Rules Of Thumb For Visiting A Foreign Jiu-JItsu Academy

The fact that Brazilian Jiu-Jitsu is a worldwide phenomenon, makes training it that more fun. While everyone enjoys training at their resident Jiu-Jitsu academy, people do tend to grow accustomed to their training partners. This is particularly true in the case of smaller schools, where training partners completely know each other’s game after years of training together. While local rivalries usually prevent people from training over at other nearby schools, there’s no problem with training outside the boundaries of your city or country. The global character of Jiu-Jitsu means that people from other cities/countries are eventually going to end up in your school, adding a bit of variety to every day grappling. More importantly, everywhere you go, whether it is for work, vacation or specifically to train, you can visit a Jiu-Jitsu academy. Most schools are very open to guest grapplers jumping in for a training session or two.

Whenever you are traveling, make it a habit to include some research on the local Jiu-Jitsu scene during the planning phase of your travels. A visit to a Jiu-Jitsu academy in another country can be a very pleasant experience. The beauty of Brazilian Jiu-Jitsu is that it is so widespread around the globe that you can easily find out how many clubs there are and which ones might best suit your needs. However, there are some factors you need to consider when selecting a school to visit. You should have clear criteria as to what you’re looking for and be aware of “rules for Jiu-Jitsu visitors”.

Academy Selection Criteria

One great way to locate Jiu-Jitsu academies around the globe is to post a question on Facebook. Maybe a friend will be able to refer you or knows someone else who can. Facebook groups can connect you to grapplers all around the world. If that doesn’t lead you to any answers, you can try a Google search or post the question on Sherdog or Reddit. For the simplest option, just type Brazilian Jiu-Jitsu and the spot you’re visiting on Google. You can go into more extensive research based on those results.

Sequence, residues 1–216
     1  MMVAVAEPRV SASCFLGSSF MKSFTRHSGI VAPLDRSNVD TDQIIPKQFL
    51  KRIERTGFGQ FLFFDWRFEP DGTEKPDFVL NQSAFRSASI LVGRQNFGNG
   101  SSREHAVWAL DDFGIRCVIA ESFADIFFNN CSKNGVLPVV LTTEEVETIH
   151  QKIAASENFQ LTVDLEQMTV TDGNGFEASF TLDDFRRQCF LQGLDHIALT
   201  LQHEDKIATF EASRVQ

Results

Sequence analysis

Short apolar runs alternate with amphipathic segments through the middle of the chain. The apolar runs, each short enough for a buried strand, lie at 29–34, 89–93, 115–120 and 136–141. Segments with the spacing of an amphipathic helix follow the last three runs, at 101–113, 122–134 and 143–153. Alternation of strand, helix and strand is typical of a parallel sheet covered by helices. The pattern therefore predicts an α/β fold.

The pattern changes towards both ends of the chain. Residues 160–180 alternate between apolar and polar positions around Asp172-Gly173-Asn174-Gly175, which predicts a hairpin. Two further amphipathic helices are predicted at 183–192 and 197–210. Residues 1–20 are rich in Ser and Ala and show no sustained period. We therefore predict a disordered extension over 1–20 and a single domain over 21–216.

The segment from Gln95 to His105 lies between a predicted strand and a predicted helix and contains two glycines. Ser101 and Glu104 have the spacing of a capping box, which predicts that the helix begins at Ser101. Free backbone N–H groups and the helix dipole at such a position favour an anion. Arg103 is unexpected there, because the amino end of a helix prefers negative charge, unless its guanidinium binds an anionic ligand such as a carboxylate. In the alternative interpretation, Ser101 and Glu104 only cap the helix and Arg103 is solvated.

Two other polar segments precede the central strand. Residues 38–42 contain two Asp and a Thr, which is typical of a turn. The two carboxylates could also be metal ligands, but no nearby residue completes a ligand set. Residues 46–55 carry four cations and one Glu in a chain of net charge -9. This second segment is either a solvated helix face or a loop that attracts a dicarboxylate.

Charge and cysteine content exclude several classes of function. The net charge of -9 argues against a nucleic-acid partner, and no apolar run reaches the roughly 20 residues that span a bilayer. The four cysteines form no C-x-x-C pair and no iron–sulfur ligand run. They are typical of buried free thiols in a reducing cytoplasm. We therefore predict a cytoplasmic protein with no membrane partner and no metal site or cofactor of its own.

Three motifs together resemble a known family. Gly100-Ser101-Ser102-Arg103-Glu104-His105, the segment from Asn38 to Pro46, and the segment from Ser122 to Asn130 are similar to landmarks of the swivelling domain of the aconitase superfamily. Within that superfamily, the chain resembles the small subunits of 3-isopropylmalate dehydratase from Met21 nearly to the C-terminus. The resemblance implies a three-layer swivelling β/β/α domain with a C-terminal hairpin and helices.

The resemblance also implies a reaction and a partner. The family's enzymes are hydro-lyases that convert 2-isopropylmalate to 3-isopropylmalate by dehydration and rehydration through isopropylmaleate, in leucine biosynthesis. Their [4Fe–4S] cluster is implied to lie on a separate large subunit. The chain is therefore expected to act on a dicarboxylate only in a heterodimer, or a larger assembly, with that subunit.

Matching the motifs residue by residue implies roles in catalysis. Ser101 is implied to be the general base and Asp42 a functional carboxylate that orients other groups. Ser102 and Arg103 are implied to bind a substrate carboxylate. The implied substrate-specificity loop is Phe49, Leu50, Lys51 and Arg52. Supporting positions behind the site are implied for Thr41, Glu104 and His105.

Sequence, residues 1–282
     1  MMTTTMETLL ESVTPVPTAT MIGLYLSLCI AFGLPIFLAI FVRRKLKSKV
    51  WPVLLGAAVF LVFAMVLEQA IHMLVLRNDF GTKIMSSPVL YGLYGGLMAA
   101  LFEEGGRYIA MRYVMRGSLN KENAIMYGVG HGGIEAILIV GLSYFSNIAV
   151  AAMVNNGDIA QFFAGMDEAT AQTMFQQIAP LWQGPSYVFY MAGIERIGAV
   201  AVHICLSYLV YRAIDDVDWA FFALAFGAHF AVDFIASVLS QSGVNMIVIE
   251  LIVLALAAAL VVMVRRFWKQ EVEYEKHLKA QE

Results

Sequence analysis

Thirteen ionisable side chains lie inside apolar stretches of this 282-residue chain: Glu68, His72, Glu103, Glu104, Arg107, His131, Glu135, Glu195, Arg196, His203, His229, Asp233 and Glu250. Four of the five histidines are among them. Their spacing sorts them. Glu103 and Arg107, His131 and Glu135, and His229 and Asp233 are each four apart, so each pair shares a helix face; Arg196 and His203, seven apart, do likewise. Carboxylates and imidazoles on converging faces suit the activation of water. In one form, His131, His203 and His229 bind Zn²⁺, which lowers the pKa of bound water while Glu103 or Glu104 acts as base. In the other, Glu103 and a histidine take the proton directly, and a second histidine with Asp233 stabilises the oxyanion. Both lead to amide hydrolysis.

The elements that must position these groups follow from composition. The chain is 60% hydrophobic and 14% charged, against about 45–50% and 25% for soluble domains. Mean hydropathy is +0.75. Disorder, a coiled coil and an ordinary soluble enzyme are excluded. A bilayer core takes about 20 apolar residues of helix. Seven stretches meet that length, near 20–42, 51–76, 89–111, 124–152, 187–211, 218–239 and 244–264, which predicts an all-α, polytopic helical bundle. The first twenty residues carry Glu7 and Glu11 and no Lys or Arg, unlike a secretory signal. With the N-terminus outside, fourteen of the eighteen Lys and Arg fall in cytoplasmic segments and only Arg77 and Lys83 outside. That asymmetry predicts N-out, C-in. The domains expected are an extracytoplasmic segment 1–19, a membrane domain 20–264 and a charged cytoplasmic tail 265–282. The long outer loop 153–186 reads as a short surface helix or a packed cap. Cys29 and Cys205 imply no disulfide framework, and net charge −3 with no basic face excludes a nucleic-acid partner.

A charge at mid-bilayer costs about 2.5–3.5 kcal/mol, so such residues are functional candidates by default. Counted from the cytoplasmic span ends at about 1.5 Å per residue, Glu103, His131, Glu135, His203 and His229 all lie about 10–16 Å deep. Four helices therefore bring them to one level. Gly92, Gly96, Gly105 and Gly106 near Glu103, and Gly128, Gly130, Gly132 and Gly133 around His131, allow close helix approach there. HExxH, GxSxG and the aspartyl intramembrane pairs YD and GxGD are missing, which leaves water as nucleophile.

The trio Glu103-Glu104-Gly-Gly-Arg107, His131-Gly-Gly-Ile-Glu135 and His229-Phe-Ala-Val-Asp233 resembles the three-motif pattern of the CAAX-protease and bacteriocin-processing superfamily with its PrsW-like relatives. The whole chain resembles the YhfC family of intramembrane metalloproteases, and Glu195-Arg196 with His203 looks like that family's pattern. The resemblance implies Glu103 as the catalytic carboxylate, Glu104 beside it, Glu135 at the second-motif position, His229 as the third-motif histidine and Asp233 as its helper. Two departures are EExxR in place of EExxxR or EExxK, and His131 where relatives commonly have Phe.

Once you’ve narrowed down a few options, you can read reviews for the clubs on YELP and look up their websites.  It is also preferable that you contact them to find out about schedules and pricing. It’s always better to confirm the details before showing up to a club, just in case operations have changed, but the website hasn’t.

Each Brazilian Jiu-Jitsu Academy is different and when you visit a new one, it’s best to adapt to their system for the duration of your stay. For example, do they clap when breaking away from the instructor to learn technique? Do they bow before stepping on or off the mats? Can students ask higher-ranked belts to roll or do they wait to be asked? How do they begin a match? How do they line up after class? Do they have any club rules? Is there a particular Gi color required?

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A Few Rules OF Thumb For Visitors

Sometimes you can figure out the answers to the above questions just by looking at photo galleries on a club’s website. Some schools even have their rules posted online. The following rules of thumb are usually in effect in every academy in the world. As a visitor, you need to make sure you adhere to them.